An Art Gallery on a Boat? You Must be Mad! Part Twenty

With the paperwork in our possession,  we knew the date of Glevum’s launch – 25th. of September, 1955. So, on 25th. September ,1985, we had a thirtieth birthday party on board and it launched our “New Direction” series of exhibitions.

A few days later we opened an exhibition of local landscape artists, “Trees and Woodlands”. Sales were reasonable and,  at the end of October we hung a new exhibition of marine paintings, sales from which were also encouraging.

In November, Ken Lush had a photographic exhibition of railway photographs to celebrate the 150th anniversary of the GWR and a fortnight later, Wolf at the Door, a Cornish craft cooperative had hired the gallery for a fortnight. Finally, before Christmas, we opened an exhibition called “This is Bristol” featuring paintings of the city by local artists, it was a great success and we continued it through January.

By this time a dependable core of artists and craftspeople were regularly exhibiting with us .But there were others with whom it was not always a smooth ride. So many artists who came to us had had bad experiences with galleries in the past and many brought quite hostile preconceptions that we were only there to ‘rip them off’. We always tried to reassure them that as an artist I understood their problems and that we wanted the Glevum to be run with the artists best interests as our main priority.

It is gratifying that so many of those artists are still close friends to this day.

That winter was bitterly cold, and there was frequently ice from side to side of the docks in the mornings. But we had our own defence against the cold. In the gallery, we had a free standing, cast iron stove that a friend had found in pieces, rusting in an old shed on a farm. I bought it from him for a few pounds. When reassembled, it was circular, about a foot in diameter and about four feet tall. With the rust scraped and brushed off and freshly burnished with stove blacking, it looked resplendent. The blacksmith in the Underfall Yard, Ray Davis, made us a firebox for it and we mounted the stove on a concrete paving slab. It was situated over the starboard chine, under the wheelhouse. The flue ran up through the wheelhouse floor and then along just above the floor, under my work-desk before turning ninety degrees, up  the back of the wheelhouse to emerge to the outside just below the roof, so the flue also heated the wheelhouse for me as efficiently as the stove heated the gallery. Old it may have been, the stove was remarkably efficient, it had originally been made in Denmark by a company called Rasmussen.

I would light it first thing in the morning and, within half an hour, both the gallery and wheelhouse would be snug and warm, even on the coldest days. The stove had an iron fire-box door on hinges that allowed access to the fire-box and I found that by lunchtime, the stove would be so hot that I could make ‘two second toast’. When the fire-door was opened, thick, hand cut slices of bread, on a toasting fork, took just one second per side to brown. I discovered that the faster bread toasts, the better it tastes!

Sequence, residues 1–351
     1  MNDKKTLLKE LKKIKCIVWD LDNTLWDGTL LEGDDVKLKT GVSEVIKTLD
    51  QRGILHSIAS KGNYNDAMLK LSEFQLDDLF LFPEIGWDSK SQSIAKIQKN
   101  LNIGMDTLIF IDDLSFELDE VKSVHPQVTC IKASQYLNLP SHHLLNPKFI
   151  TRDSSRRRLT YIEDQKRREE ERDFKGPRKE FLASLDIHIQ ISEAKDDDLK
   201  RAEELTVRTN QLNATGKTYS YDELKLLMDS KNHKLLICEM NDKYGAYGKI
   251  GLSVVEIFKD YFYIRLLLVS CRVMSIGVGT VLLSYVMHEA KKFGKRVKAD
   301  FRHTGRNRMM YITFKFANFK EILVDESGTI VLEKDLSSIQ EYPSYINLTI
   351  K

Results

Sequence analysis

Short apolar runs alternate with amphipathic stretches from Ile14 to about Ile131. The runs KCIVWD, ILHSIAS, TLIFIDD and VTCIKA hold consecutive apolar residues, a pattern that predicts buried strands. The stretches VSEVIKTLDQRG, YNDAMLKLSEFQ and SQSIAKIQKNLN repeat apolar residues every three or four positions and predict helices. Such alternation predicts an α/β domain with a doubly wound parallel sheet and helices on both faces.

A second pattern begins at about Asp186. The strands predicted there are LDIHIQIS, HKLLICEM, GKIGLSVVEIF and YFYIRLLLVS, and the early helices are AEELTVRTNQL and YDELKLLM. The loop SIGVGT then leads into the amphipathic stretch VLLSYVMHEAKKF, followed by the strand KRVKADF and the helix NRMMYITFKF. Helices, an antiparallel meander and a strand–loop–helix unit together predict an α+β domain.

In March we had an exhibition of the remarkable work of the equally remarkable Cedric Reeves.

Ceddy, was one of the most eccentric, Quixotic, colourful and loveable characters in Bristol Docks in those days. Curator of the Lifeboat Museum, sailor, artist, woodcarver and ship’s figurehead maker; an enormous, blustering bear of a man with a round face, a bushy beard and brown hair that usually looked as though he’d cut it himself with one of his woodcarving chisels. Piercing grey blue eyes looked out from under his bristling  eyebrows. After a fall from the rigging of a sailing ship, he had been left paralysed from the waist down and got about with the aid of either a wheelchair or crutches. Not that a ‘mere trifle’ like that was going to stop Ceddy. He continued to sail, hauling himself up the rigging by sheer brute strength and determination.

Ceddy didn’t suffer fools gladly but sadly, was far to straightforward and honest to stand a chance against all the egos and political infighting that took place amongst the Trustees that eventually, in 1994, led to the Museum’s closure. A slap in the face for the people who had really given so much of themselves to make the project work and a great loss for the City Docks and the People of Bristol.

But, on March 7th 1986 we opened an exhibition of Cedric’s painting and woodcarving to great acclaim. His work was greatly admired as attested to by the comments in our visitors book. We sold a reasonable number of his works.

In May We opened  our first One Man Show by George Cutter, A landscape artist who mainly painted in pastel and watercolour and who specialised in pictures of the Somerset Levels and of his hometown, Bristol. George was to become a mainstay of the gallery and he and his wife June are, to this day, two of our dearest friends.

Georges exhibition was a success and summer was coming again and, perhaps this time, we would see a little more income from our many enthusiastic visitors.

Advertisements

One thought on “An Art Gallery on a Boat? You Must be Mad! Part Twenty

Leave a Reply

Fill in your details below or click an icon to log in:

WordPress.com Logo

You are commenting using your WordPress.com account. Log Out /  Change )

Google+ photo

You are commenting using your Google+ account. Log Out /  Change )

Twitter picture

You are commenting using your Twitter account. Log Out /  Change )

Facebook photo

You are commenting using your Facebook account. Log Out /  Change )

Connecting to %s